Fixing Fair Use
The fair use doctrine in copyright law balances expressive freedoms by permitting one to use another’s copyrighted expression under certain circumstances. The doctrine’s extreme context-sensitivity renders it of little value to those who require reasonable ex ante certainty about the legality of a proposed use. In this Article, Professor Carroll advances a legislative proposal to create a Fair Use Board in the U.S. Copyright Office that would have power to declare a proposed use of another’s copyrighted work to be a fair use. Like a private letter ruling from the IRS or a “no action” letter from the SEC, a favorable opinion would immunize only the petitioner from copyright liability for the proposed use, leaving the copyright owner free to challenge the same or similar uses by other parties. The copyright owner would receive notice and an opportunity to challenge a petition. Fair Use Rulings would be subject to administrative review in the Copyright Office and to judicial review by the federal courts of appeals. The Article closes with discussion of alternative approaches to fixing fair use.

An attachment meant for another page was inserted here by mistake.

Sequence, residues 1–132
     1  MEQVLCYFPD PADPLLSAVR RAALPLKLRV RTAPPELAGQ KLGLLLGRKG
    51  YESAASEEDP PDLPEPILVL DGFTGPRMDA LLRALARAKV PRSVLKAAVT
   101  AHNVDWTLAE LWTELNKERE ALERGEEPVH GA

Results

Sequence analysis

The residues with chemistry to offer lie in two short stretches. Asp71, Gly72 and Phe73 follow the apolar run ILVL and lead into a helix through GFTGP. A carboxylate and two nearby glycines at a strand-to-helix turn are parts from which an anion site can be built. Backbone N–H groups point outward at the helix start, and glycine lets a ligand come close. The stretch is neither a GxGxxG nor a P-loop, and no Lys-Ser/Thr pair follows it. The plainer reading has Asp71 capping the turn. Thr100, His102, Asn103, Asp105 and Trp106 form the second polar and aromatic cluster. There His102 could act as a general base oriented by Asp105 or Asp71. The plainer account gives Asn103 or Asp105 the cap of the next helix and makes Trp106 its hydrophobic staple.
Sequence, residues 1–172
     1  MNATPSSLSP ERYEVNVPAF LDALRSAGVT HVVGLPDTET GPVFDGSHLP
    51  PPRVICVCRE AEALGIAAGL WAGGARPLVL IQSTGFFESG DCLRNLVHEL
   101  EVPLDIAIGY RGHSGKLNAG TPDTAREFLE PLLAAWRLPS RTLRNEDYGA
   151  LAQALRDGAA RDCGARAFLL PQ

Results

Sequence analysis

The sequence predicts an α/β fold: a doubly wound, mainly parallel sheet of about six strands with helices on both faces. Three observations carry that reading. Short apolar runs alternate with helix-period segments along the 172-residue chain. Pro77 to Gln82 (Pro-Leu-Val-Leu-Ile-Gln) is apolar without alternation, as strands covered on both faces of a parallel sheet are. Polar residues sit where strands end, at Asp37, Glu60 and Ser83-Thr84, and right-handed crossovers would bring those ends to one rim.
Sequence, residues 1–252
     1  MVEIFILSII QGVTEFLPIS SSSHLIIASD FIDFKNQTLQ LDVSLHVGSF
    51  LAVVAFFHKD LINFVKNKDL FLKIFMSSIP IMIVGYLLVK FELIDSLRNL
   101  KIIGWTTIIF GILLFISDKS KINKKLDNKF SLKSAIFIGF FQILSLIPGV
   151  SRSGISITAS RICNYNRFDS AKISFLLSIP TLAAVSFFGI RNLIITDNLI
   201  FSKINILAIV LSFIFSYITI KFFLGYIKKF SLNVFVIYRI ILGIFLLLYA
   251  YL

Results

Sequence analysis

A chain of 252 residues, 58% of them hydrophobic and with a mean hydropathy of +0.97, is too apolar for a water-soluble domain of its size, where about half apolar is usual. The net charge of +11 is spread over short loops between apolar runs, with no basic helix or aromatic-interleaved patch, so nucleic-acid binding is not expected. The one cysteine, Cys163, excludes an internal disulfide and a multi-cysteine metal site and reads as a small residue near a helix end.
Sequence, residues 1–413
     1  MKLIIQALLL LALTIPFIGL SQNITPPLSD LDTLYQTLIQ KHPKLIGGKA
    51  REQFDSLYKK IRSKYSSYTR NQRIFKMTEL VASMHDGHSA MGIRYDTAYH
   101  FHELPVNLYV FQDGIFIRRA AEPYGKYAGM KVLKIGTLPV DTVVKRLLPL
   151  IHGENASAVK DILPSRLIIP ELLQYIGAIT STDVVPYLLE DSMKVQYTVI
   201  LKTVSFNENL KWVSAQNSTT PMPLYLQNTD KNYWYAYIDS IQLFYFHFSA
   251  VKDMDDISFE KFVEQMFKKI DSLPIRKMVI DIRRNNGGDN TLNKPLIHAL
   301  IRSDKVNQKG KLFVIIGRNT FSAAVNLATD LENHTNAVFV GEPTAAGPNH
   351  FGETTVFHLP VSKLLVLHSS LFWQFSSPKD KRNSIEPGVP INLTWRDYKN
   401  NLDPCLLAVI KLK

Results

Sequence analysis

Labels: Scholarship; Copyright